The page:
Since no colour information is needed here, greyscales are enough. Now open your file in Photoshop and adjust its contrast by applying a Curves adjustment (Cmd/Ctrl+M).
This way you should get the paper almost plain white, while the drawing should be black.
Now you can remove any dirt that appears on the scanned images. Here, it’s useful to invert the drawing (Cmd/Ctrl+I), as this will help you spot stains (white on black is easier to see than black on white, at least on screens).
You can now use the simple Brush tool to remove some flaws. After this, use the Burn/Dodge tool (O) in case there are some shades of grey.
Finally, change the canvas size so that there’s enough space for the whole graphic.
Now remove the overlapping parts at your central line. Copy your layer, mirror it and change the blending mode to Multiply.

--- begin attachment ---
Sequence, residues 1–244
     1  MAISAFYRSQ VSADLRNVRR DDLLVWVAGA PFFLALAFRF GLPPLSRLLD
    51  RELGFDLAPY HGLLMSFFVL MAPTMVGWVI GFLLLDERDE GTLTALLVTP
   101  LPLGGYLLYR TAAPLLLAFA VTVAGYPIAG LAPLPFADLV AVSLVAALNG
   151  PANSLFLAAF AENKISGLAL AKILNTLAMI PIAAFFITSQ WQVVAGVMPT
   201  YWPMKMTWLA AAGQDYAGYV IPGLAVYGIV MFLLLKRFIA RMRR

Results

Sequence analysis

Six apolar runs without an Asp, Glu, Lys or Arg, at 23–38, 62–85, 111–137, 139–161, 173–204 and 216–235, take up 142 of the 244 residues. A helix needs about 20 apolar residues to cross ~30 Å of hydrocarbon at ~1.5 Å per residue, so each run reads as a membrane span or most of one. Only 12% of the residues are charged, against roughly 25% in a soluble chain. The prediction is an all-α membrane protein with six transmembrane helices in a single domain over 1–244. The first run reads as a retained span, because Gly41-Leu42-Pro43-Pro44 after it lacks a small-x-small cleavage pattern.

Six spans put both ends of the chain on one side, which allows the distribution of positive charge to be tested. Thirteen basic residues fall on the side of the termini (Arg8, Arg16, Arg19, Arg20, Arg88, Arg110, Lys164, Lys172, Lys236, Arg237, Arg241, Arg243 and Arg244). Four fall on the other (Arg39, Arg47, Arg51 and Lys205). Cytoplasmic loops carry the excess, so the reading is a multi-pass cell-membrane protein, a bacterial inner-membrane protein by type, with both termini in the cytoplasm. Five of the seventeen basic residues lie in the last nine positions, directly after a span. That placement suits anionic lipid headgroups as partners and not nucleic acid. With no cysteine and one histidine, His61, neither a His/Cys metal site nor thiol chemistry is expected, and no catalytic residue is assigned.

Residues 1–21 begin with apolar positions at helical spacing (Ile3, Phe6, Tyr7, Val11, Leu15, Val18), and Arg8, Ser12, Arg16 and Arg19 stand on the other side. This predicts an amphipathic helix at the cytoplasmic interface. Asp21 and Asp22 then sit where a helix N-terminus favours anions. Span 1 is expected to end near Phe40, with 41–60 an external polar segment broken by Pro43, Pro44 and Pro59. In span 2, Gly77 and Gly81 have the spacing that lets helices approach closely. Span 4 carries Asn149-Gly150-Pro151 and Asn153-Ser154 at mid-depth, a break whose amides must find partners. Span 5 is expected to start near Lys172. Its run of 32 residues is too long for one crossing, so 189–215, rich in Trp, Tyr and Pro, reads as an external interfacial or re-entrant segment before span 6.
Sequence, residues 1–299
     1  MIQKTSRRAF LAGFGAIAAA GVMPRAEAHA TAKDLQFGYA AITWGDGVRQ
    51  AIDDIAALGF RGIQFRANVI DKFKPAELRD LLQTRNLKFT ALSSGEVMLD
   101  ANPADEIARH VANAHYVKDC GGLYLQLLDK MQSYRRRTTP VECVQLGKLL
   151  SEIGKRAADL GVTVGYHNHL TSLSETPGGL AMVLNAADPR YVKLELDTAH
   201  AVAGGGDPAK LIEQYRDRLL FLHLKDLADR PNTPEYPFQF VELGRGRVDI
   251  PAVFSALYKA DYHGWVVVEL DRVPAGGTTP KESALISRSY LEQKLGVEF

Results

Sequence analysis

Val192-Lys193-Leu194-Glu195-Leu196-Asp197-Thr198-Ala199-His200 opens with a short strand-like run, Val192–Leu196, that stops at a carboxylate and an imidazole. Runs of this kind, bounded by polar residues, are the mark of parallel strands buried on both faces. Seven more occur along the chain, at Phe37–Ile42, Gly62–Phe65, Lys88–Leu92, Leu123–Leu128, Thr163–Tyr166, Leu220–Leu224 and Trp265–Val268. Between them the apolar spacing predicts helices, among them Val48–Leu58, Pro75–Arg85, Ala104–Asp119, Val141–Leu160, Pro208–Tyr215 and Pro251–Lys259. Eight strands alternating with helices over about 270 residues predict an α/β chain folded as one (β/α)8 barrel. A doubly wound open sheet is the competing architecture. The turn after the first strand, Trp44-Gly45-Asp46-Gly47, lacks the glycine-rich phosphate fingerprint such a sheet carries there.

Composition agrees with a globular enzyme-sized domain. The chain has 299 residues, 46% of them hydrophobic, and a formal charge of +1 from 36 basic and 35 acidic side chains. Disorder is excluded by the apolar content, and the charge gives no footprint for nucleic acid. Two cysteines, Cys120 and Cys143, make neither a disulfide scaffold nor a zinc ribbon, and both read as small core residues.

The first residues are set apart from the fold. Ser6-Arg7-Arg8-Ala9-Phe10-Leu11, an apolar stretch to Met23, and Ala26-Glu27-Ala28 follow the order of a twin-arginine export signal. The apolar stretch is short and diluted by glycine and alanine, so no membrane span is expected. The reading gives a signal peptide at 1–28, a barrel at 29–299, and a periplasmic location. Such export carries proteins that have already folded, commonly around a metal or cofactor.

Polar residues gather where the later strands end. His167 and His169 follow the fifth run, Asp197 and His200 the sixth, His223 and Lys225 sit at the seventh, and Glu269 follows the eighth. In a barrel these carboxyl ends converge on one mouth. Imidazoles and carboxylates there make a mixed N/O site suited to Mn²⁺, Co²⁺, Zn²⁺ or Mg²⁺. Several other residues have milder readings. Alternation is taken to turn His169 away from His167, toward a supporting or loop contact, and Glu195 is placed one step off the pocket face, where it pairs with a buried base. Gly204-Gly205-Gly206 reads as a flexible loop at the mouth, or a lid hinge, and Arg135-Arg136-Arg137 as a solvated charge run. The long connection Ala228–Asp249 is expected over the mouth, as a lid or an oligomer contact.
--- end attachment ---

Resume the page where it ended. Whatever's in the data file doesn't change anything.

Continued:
You may need to redo this a few times if the original drawing is not at a perfect 180-degree angle. When done, put both layers together exactly pixel to pixel and reduce them to one layer.
This is a process used a lot in these projects. Select everything by hitting Cmd/Ctrl+A, copy this, add a mask to your layer and click on it while holding Opt/Alt.
This way you’ll remain inside your mask, where you’ll paste your drawing.
Invert the whole thing and you should see a white drawing on a black background. Leave the mask and return to your layer. Fill the canvas with black, hit Cmd/Ctrl+G, then Cmd/Ctrl+E and your drawing should be cut out.